John Dewey next came forward to express the periodical disillusion of the liberals with the two old parties of capitalism and to call for the formation of a third party on the La Follette model. The programs, the philosophies and the leadership of the Socialist and Communist parties were equally alien to the peculiar progressive and democratic spirit of the American people They direct their propaganda to the working class and against the middle class. “The first appeal of a new party must be to what is called the middle class” because this is a bourgeois country. The industrial workers cannot take the lead in such a movement, but they will follow it.
Such were the ideas animating the liberals during the 1932 Presidential campaign. They emphasized the need for social planning and a new progressive party while they voted for Roosevelt or Norman Thomas.
The cordial reception accorded John Chamberlain’s lively history of the Progressive movement, entitled Farewell to Reform, was another straw in the wind, indicating the shift of the left liberals away from reformism. But Chamberlain had bid “farewell to reform” much too soon for history and the majority of his fellow liberals. The incoming Democratic administration immediately embarked upon so colossal a reorganization of American capitalism that the trumpeters of the new rhyme termed it ‘“the Roosevelt Revolution”.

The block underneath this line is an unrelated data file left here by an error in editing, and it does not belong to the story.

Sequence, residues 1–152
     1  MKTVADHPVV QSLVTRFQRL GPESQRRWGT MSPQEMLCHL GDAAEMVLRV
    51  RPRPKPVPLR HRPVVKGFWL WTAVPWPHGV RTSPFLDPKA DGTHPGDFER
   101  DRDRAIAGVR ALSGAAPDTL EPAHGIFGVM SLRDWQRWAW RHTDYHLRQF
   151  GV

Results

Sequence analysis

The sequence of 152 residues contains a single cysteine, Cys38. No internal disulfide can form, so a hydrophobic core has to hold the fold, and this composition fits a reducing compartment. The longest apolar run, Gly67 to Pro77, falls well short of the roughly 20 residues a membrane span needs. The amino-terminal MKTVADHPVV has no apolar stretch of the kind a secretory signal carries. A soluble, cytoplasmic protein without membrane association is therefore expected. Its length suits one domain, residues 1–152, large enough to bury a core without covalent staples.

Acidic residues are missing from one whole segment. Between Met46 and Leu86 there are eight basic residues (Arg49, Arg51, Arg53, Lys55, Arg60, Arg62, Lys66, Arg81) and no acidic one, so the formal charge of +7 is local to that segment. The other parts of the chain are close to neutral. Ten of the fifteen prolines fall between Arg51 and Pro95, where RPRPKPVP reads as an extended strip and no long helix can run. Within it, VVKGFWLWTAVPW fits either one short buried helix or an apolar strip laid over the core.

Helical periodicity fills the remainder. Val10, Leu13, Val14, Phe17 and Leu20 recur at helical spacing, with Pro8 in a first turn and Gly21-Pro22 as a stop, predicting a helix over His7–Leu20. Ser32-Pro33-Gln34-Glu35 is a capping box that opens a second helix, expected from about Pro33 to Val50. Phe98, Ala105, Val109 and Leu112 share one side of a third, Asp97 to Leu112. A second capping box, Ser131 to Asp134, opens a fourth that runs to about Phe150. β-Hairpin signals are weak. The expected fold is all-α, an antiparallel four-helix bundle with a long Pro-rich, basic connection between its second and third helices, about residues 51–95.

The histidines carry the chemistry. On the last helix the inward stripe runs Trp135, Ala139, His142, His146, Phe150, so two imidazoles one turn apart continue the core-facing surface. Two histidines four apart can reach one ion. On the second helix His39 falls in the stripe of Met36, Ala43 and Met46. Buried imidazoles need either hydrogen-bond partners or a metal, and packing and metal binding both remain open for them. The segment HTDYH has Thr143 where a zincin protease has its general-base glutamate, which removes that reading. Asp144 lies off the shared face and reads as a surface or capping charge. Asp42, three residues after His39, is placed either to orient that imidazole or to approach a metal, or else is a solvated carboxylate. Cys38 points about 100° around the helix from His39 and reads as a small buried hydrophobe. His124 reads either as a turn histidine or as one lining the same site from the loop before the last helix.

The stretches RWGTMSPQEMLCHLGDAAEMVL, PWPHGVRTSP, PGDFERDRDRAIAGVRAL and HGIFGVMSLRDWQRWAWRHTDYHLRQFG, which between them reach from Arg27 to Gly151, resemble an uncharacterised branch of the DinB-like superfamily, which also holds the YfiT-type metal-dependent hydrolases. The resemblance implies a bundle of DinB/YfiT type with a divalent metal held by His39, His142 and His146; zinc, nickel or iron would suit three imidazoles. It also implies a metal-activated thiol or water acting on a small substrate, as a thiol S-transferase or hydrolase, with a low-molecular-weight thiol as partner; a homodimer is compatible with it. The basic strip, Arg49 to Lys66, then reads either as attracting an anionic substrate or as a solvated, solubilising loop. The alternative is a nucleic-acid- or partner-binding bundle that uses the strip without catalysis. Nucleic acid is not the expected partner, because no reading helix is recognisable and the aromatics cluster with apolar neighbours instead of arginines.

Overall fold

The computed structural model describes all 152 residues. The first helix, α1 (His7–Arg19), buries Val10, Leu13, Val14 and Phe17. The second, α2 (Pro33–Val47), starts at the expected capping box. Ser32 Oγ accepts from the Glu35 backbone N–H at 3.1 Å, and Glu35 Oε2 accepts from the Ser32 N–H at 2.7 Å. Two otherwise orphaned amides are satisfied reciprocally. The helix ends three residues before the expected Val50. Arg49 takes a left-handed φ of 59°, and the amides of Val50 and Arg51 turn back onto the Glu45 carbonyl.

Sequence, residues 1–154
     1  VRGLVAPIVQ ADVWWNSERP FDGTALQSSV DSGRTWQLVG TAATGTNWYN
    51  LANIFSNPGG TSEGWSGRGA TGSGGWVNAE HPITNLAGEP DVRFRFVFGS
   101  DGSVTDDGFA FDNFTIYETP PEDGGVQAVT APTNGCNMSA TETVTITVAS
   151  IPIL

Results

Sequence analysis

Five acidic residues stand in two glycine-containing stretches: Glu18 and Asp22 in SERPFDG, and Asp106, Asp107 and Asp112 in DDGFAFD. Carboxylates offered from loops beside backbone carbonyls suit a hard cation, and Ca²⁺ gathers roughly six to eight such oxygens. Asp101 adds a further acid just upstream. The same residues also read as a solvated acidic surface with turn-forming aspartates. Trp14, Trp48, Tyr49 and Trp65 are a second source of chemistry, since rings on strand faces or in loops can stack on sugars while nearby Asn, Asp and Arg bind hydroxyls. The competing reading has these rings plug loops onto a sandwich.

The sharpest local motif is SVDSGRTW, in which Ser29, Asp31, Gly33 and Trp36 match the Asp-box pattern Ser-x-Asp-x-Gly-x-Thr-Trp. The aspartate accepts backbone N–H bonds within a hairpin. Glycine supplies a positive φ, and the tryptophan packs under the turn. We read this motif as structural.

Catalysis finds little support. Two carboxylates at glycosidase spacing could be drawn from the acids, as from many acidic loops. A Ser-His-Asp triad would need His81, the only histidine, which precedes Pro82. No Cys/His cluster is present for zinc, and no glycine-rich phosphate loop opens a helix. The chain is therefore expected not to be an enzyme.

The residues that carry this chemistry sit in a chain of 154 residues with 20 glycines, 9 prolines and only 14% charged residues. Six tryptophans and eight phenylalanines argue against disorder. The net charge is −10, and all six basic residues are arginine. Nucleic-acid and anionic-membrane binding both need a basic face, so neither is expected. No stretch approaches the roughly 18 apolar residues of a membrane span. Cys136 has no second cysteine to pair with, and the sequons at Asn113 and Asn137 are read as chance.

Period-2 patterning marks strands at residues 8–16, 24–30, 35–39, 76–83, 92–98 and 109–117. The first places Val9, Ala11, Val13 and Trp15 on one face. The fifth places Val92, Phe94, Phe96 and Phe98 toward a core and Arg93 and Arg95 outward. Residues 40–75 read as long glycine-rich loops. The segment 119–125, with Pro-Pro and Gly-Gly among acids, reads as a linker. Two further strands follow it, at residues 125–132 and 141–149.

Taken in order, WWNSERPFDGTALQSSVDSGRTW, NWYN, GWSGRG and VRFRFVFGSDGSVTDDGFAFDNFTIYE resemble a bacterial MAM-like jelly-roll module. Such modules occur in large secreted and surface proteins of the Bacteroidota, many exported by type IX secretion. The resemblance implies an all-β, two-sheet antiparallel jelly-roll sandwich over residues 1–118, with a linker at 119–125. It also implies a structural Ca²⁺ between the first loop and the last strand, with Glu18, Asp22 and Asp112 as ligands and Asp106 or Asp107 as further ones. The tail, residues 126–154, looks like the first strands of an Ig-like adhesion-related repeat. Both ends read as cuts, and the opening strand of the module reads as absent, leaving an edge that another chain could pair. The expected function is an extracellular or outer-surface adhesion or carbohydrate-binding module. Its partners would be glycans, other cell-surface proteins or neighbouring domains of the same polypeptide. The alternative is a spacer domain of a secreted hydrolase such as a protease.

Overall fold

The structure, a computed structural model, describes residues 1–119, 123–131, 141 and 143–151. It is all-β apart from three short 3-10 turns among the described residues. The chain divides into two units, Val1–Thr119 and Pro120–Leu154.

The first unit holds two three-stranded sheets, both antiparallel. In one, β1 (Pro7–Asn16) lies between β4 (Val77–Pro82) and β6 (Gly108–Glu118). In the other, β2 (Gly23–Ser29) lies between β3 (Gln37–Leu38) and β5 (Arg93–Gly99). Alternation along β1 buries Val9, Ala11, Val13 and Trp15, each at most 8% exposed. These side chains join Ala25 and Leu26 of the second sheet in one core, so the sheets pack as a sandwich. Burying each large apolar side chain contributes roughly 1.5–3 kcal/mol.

The advent of the New Deal deflected the leftward movement of the liberals into governmental channels. Their unquenchable faith in the vitality of American capitalist revived when they heard the Squire of Hyde Park assert that the heart of the New Deal throbbed for “the forgotten man”. Were not the intellectuals, too, among the forgotten men? Their hopes seemed confirmed when they were told that the head of the New Deal was to be the Brain Trust Roosevelt had collected about him. They began to reason: “Perhaps we have been overhasty in predicting the death of capitalism.” While there was life in American capitalism, there was at least hope for them.
The glad tidings that the departments set up for the New Deal required hundreds of executives spread throughout intellectual circles like wildfire. For the first time in American history the doors of the government bureaucracy were thrown open to the middle-class intelligentsia. Professors and their protégés, lawyers and architects without clients, literary men without political convictions and with political connections, liberal and “radical” intellectuals alike hurried to take advantage of this golden opportunity to work for God, for country, and for four thousand dollars a year. For the idealists there was the irresistible invitation to participate in the remolding of American society, no less; for the careerists there were comfortable berths in the government. The pilgrimage to Washington became a veritable children’s crusade. How soon the slaughter of the innocents began!
Even the hardest-headed liberals were seduced, at least for a time, by the siren-song of the New Deal. George Soule and the New Republic saw in the professional kitchen cabinet the brain which they had called for not long before, the one revolutionary force in the Roosevelt regime. In a book entitled The Coming American Revolution, published in June, 1934, Soule said: